The Use of Botanical Extracts in East Asia for Treatment of Hyperpigmentation: An Evidenced-Based Review
July 2020 | Volume 19 | Issue 7 | Original Article | 758 | Copyright © July 2020
Published online June 18, 2020
Sophia Hu BAa,b, Sophia Wolfe BSa,b, Melissa R Laughter PhDa,b, Mona Sadeghpour MDa,c
aDepartment of Dermatology, University of Colorado School of Medicine. Aurora, CO bUniversity of Colorado School of Medicine, Aurora, CO cDepartment of Dermatology, University of Colorado, Anschutz Medical Campus, Aurora, CO
Recent years have seen a growth in the Asian cosmeceutical industry and an expanding worldwide marketplace with increasing consumer use of plant-based skin care products. The rising prevalence of Asian cosmeceuticals has led to research studies assessing the safety and efficacy of these products. We seek to review current evidence on safety and efficacy of key ingredients used in Asian cosmeceuticals to treat disorders of hyperpigmentation. A comprehensive search on PubMed was conducted to identify hyperpigmentation-related research studies on eight popular ingredients used in Asian cosmeceuticals: green tea, soy, orchid, licorice, rice water, ginseng, bamboo, and aloe. Both in vitro studies and clinical trials involving human subjects were included. Of the ingredients reviewed, soy and licorice had the most clinical evidence supporting their efficacy, while all other ingredients were supported by in vitro studies. More research is needed to further evaluate the safety and efficacy of Asian cosmeceutical ingredients in treatment of hyperpigmentation. J Drugs Dermatol
. 2020;19(7): doi:10.36849/JDD.2020.4776
Cosmeceuticals, topical skin products containing bioactive ingredients purported to have medical benefits, are the fastest growing beauty industry in the world with an estimated $42.8 billion worth of sales in 2018.1 The cosmeceutical industry is particularly robust in Asia, where skin lightening takes on cultural significance. This strive for aesthetic beauty has led to the formulation of naturally-based skin care products targeted at hyperpigmentation. Korea has been at the forefront of generating the newest and most innovative cosmeceutical products. Some of the most popular ingredients used in these cosmeceuticals include green tea, soy, orchid, licorice, rice water, ginseng, bamboo, and aloe. Since the rising popularity of Asian cosmeceuticals, there has been an increasing world-wide demand for skin care products utilizing exotic plant-based ingredients. Scientists have been conducting research studies on these plant extracts, their unique properties, and their evidence-based use in the current beauty industry. With increasing consumer use of cosmeceutical products, it is imperative that physicians understand the properties of these extracts and the scientific basis of their efficacy in order to better inform patients and ensure their safety. Few research articles have explored the effectiveness of plant-based Asian cosmeceuticals in treating hyperpigmentation, and even fewer have assessed the clinical evidence behind their efficacy. In this review, we seek to incorporate the most recent scientific literature to critically appraise in vitro studies and clinical trials investigating the natural ingredients found in Asian cosmeceuticals.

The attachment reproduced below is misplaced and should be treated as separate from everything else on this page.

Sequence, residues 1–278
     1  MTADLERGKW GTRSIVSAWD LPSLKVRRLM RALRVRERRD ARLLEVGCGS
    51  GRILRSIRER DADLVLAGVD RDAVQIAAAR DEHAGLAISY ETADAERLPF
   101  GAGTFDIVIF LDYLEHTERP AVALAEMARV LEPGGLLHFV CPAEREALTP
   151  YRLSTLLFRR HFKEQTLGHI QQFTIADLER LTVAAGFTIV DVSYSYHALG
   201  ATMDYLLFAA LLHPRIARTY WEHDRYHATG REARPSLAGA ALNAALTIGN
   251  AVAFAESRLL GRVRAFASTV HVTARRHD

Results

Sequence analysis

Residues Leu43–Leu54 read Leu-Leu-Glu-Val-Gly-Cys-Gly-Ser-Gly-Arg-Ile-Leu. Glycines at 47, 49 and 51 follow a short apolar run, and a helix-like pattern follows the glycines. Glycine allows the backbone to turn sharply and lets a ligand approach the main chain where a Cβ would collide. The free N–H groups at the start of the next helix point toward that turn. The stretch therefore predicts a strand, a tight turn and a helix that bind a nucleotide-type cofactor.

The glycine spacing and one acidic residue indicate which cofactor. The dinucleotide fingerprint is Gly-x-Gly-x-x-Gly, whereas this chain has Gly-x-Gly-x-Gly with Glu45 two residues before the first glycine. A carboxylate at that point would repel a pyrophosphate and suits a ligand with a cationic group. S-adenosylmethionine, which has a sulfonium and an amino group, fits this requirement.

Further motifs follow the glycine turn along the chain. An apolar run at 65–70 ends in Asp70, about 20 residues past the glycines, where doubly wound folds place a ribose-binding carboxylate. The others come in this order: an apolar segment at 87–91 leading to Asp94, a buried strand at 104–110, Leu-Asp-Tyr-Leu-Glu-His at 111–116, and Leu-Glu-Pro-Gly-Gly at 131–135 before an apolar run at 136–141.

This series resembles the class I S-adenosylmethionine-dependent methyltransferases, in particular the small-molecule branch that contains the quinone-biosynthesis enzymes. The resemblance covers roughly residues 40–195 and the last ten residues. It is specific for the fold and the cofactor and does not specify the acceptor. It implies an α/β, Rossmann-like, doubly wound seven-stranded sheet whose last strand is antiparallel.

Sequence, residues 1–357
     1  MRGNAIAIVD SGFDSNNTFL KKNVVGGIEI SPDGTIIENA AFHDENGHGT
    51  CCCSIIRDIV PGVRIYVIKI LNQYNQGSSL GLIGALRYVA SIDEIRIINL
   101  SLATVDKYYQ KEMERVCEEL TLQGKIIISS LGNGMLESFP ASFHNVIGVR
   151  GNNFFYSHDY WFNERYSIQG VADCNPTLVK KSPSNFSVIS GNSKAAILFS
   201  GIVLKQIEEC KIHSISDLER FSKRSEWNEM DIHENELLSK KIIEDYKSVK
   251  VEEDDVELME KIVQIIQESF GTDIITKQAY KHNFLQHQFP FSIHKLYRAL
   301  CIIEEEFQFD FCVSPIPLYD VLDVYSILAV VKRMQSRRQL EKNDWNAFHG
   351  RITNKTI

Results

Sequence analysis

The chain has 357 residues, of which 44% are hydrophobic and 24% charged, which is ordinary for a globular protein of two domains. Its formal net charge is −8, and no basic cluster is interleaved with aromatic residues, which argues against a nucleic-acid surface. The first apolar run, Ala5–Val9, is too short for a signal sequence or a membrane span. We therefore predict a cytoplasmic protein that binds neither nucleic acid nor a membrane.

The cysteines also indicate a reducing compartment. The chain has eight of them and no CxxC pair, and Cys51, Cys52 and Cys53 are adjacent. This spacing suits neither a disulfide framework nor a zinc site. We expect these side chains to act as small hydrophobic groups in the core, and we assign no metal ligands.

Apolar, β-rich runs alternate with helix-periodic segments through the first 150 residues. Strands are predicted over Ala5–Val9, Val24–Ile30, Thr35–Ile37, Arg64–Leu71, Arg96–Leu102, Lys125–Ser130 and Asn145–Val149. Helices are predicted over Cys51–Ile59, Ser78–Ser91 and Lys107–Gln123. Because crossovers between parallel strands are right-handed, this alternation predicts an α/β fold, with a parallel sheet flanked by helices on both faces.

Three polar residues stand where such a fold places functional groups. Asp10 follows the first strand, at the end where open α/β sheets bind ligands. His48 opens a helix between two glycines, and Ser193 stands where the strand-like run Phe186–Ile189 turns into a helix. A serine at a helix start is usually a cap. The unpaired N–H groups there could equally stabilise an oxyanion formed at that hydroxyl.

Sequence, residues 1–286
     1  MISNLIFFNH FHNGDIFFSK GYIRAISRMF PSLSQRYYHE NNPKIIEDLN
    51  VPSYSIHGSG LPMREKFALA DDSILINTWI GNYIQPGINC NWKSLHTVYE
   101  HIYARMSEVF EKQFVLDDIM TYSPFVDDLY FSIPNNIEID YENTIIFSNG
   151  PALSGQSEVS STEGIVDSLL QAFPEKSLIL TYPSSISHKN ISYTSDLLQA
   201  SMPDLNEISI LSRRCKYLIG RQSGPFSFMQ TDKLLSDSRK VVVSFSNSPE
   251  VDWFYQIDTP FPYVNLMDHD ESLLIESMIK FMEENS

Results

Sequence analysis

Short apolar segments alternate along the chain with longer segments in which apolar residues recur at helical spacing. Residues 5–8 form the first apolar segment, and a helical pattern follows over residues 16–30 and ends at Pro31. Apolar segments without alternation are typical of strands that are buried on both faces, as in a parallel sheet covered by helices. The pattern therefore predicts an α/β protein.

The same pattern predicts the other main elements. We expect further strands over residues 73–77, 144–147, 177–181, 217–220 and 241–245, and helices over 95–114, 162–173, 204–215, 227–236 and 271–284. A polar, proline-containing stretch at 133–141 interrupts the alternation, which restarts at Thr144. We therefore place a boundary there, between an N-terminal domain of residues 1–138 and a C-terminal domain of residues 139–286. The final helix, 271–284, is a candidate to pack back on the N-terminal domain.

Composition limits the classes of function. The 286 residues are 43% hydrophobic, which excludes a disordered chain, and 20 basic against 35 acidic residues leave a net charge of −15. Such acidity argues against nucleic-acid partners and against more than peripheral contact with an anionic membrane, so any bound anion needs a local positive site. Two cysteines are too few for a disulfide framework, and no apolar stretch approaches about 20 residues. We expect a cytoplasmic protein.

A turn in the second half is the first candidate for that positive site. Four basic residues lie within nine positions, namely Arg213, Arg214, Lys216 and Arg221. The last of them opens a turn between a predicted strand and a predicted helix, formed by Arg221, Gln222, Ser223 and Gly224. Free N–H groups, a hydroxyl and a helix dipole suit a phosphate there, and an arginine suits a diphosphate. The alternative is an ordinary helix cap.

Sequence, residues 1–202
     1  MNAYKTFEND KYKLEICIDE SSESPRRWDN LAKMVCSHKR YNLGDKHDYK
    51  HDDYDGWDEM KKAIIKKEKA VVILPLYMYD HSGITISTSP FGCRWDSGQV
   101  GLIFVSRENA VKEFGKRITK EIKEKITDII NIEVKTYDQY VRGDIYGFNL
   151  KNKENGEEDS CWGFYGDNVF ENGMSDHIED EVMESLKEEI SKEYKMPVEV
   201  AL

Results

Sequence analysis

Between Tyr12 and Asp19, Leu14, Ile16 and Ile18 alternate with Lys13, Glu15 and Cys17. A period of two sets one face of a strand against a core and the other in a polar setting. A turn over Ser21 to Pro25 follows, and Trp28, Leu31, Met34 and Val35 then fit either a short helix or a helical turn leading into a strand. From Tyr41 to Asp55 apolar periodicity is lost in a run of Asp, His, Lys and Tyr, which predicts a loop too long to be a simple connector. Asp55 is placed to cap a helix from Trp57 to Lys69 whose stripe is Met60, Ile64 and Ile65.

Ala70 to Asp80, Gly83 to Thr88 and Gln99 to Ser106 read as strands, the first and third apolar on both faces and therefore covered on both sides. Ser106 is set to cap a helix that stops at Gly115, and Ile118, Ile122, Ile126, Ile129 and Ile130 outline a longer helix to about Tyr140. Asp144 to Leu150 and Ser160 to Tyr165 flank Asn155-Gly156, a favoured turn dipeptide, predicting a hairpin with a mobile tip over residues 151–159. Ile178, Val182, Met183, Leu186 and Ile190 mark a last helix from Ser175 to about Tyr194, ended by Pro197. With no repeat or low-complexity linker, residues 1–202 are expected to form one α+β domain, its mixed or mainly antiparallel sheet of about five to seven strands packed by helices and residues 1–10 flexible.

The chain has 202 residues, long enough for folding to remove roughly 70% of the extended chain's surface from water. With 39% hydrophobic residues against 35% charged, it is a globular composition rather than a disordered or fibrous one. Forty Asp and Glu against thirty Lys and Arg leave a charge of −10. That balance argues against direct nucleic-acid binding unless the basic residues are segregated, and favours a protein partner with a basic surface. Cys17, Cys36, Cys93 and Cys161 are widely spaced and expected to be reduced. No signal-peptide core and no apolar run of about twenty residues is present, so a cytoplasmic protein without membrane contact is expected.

MATERIALS AND METHODS
A comprehensive review of the literature on natural ingredients most frequently used in Korean cosmeceuticals to treat hyperpigmentation was conducted on PubMed (U.S. National Library of Medicine). The search terms “green tea,” “soy,” “orchid,” “licorice,” “rice water,” “ginseng,” “bamboo,” and “aloe vera” were input into the advanced search tool to identify all articles discussing hyperpigmentation or pigmentary disorders from both in vitro and in vivo studies with publications up to April 2019. Non-English language articles were excluded. A total of 50 studies were included for this study.
Studies Categorized by Active Ingredients
Aloe Vera is a popular succulent plant that has long been used for many dermatologic conditions such as eczema, burn wounds, skin infections, and acne vulgaris.2 Inside the leaves of the aloe vera plant is copious amounts of gel that can be squeezed out and directly applied to the skin.3 This gel has been used for its anti-bacterial and anti-inflammatory properties as well as to decrease hyperpigmentation of the skin. Aloesin, a natural hydroxymethyl chromone compound and the active ingredient in the aloe vera plant, competitively inhibits dihydroxyphenylalanine (DOPA) oxidation and non-competitively inhibits tyrosine hydroxylase activity.4 Melanin is synthesized through tyrosine hydroxylase and oxidation of DOPA.5 Thus inhibition of these steps in melanin biosynthesis has the potential to prevent overproduction of melanin and skin hyperpigmentation. A prior